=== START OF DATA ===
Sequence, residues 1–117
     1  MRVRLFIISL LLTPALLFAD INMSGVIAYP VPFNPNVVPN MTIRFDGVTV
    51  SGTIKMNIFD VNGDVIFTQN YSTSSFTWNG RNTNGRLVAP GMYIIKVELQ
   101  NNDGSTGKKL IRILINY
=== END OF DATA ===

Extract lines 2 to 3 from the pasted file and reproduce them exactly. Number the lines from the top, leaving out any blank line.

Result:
     1  MRVRLFIISL LLTPALLFAD INMSGVIAYP VPFNPNVVPN MTIRFDGVTV
    51  SGTIKMNIFD VNGDVIFTQN YSTSSFTWNG RNTNGRLVAP GMYIIKVELQ